Can the approach taken in the paper Could a Neuroscientist Understand a Microprocessor?" be taken in the space of neural networks and color science? The paper explains itself clearly in it's abstract:

There is a popular belief in neuroscience that we are primarily data limited, and that producing large, multimodal, and complex datasets will, with the help of advanced data analysis algorithms, lead to fundamental insights into the way the brain processes information. These datasets do not yet exist, and if they did we would have no way of evaluating whether or not the algorithmically-generated insights were sufficient or even correct. To address this, here we take a classical microprocessor as a model organism, and use our ability to perform arbitrary experiments on it to see if popular data analysis methods from neuroscience can elucidate the way it processes information.

The authors arrived at the conclusion that the analytic approaches in neuroscience fall short of expectations.

The abstract method of this paper is to take known techniques that are used to investigate an unknown system and apply them to a known system. A priori, there is confidence as to what concepts are necessary and sufficient to understand the known system. After applying the techniques to the known system, we can investigate to what extent the techniques reveal these concepts. Difficulty in arriving at the expected necessary concepts is evidence that there the techniques are lacking. Conversely, concepts that are revealed may refute this claim of insufficiency by instead proposing an alternative description.

When considering color and neural networks, is there a mapping between tools and systems that would make this type of investigation interesting? The techniques such as color matching have had success laying the foundations of colorimetry and and later color appearance models. What is it about human vision that made these techniques useful? Can they be used to investigate vision systems, and if not, what is missing that prevents the application of the techniques. Going one step further, what is the minimum properties of a vision system that must exist for the techniques to be applicable.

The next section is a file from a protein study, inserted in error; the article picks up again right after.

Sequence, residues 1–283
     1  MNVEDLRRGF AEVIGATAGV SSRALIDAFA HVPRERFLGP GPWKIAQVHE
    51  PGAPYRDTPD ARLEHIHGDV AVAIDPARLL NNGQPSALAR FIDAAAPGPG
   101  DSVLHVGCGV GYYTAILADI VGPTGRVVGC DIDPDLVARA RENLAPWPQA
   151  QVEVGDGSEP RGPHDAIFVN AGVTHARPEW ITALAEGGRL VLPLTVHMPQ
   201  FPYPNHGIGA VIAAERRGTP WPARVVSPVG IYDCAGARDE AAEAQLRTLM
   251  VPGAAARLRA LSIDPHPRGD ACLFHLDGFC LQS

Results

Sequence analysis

Coming from the reverse direction, there are many papers that claim to train neural networks to approach the behaviour of human vision networks. Tom Baden's lab and other labs are making progress uncovering the circuits of the retina. If these latter circuits are taken as the "known system", do the neural network approximations hold up on comparison.

3D prior

My general sentiment is that many neural network models used for vision tasks such as classification do not develop a single 3D model representation. There is too much flexibility for the network to develop multiple parallel expedient representations. If networks are designed with constraints that force them to develop a sort of 3D interface, then maybe this is a space in which it is possible to find scene representations, including surface reflectance properties, that can be compared to human experience.

Literature, resources

Image statistics

"Natural Image Statistics and Neural Representation" by Simoncelli and Olshausen is 2001 paper about approaches that try to infer retinal mechanisms by looking at spectral distributions of scenes (think information theory tries to find itself in the retina). [@simoncelliNaturalImageStatistics2001]. It might be worth checking to see if any of these ideas can be reinvestigated. One thought that comes mind: it might be possible to create a sort of unit test for their theories by switching out the retina for neural networks trained on a vision task. Give the flexibility and power of neural networks, there should be no problem with neural networks approaching in some way the optimal encoding pattern that was hypothesized to emerge by these authors. There is an appeal to taking up this work in that its possibly winnable battle in the war against hypotheses that balloon in a discussion.

Retinal networks

Everything by Tom Baden is excellent. His lab is doing work on figuring out the retinal networks of many animals. He did a talk (accessible on Youtube) that summarized a lot of the current work being done in his lab.

More resources

Paper list

People list

Philipp Henzler
3rd year PhD student (Nov, 2021) Working on neural texture representation and 3D reconstruction. Wrote the 2021 paper Generative Modelling of BRDF Textures from Flash Images.